Why Most of My Day Is Spent *Not* Working and Talking to People, Instead

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Yesterday, I spent two and a half hours talking to my good friend Alexis. We didn’t mean to. We meant to only talk for one hour—which we do every Tuesday. A sort of accountability partnership or mini-mastermind. But somehow, before either of us knew it, we had talked for two and a half hours.

It wasn’t that neither of us had anything to do—believe me, there’s an endless list of to-do’s waiting for before I leave for Israel. But somehow I pushed all that back. To just talk. For two and a half hours.

After we hung up, and I sat in front of a mind-numbing show on TV, trying to integrate epiphany after epiphany that we worked through on the call, I started to think about just how much of my days are spent talking to brilliant insightful people.

In fact, I’d argue that less time in my business is spent on actually creating or even teaching than it is on speaking with brilliant people and integrating those experiences.

I have a four-hour meeting with Sherri every Friday—and that doesn’t include the Facebook messages that fly between our computers daily. I have what’s supposed-to-be a one-hour meeting with Alexis, who happens to be the most brilliant strategist I know (in fact, she used to create strategic frameworks for the government and now does it for people’s lives). I spent an hour Monday—as I do every other week—talking to the most advanced energy worker I’ve ever met. And I’m regularly making space for conversations with new really fascinating people that friends or clients tell me I have to meet.

Could I be more productive and efficient instead of taking these calls? Sure. But the work would never unfold the way it does. I’m constantly listening to what others are working on and where our work intersects. I’m constantly learning about topics that my work extends into. Two weeks ago, I read four books on social class, white supremacy, and racial dynamics. This week I’ve been studying the power dynamics of sexual assault.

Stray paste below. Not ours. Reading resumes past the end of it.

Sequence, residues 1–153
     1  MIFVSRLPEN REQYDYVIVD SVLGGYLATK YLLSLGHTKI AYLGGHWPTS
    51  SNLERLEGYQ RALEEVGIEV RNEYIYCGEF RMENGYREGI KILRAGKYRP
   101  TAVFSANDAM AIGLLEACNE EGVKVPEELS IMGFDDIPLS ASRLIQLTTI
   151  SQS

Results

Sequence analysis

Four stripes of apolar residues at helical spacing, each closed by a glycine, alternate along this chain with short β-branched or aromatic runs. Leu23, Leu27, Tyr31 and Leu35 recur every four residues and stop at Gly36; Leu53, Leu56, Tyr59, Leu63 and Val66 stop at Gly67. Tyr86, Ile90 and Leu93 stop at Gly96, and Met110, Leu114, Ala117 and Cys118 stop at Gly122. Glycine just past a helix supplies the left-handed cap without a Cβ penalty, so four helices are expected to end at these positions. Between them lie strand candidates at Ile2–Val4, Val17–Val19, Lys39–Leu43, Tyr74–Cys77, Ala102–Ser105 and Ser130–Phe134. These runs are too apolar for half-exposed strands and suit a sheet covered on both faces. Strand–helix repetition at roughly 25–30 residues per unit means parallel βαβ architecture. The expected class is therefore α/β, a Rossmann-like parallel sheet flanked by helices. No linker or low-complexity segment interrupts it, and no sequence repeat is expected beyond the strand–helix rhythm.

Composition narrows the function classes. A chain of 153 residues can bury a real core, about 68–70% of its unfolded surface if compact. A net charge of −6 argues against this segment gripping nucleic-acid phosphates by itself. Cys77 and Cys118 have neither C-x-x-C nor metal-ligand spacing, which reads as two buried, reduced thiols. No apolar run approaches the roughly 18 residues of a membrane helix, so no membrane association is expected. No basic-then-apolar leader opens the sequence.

I could totally fill up the Sacred Circle without doing any of that. But the work would never grow. It’d suffer and stay limited. And this work wants to expand.

It’s funny—yesterday, during our conversation, I was thinking about how grateful I am for my friend Alexis. About how utterly brilliant she is, and how her perspective has helped to guide so much of how I view my work.

And then she told me that she has so many epiphanies after our calls together but feels like she can’t possibly share them. Because I gave her the initial idea. Or I led the conversation. And she’d feel like she was taking over my idea and capitalizing on it.

And it made me think about this idea of ownership.

I’ll admit that I’m an external processor. And so, when I’m really unpacking something, I tend to do a lot of talking. I try my best to always make sure I’m leaving room for others’ voices. But I need to speak out an idea to fully understand it. And sometimes that means that I talk more than the other person, and it can seem like I’m coming up with all the ideas.

But the truth is I never have downloads and insights alone like I would with, say, Alexis (who’s incredible about building energetic containers and speaking energetically). Or Sherri, who can just say one word and give me infinite awareness of something.

And how do we quantify ownership of any of that? Why would we want to in the first place? Isn’t ownership just another place of lack—and another exercise in objectification?

Sure, there are some ideas that are deeply entrenched in my work and tied directly to my livelihood. I get that. I’m actually in the process of trademarking right now. So I understand that I’d be devastated if someone stole a term like Sacred Branding™.

But there’s a big difference between unpacking and teaching. It’s one thing to be taught my exact methodology and want to run out, steal the name, and pretend it’s yours. It’s very different to explore ideas together and allow our respective works to grow and expand. To allow the community to foster your own evolution.

I can say with absolute certainty that I wouldn’t have anywhere near this level of understanding of my work if it weren’t for these incredible conversations I have regularly. In fact, I’d say that one of the biggest keys to my own success is simply who I interact with daily. Not necessarily in a paid way, like a coach, though it could certainly be. But just in the people I surround myself with and the people I make time to chat with.

I’ve always believed that unstructured conversation is vital to a person’s creativity. But I’m coming around to believe that it’s actually vital to their success, too.

If I didn’t have brilliant people around me—and that includes the Sacred Circle (which, by the way, seems to attract in the highest caliber of people I know)—then I wouldn’t be even close to where I am today. Or where I’m growing into. Because community matters. Because this journey isn’t meant to be made in isolation. And because people strengthen and expand one another.

I’m grateful for the brilliant people in my life. They hold the container for me to step into my brilliance.

How’s your community supporting you?

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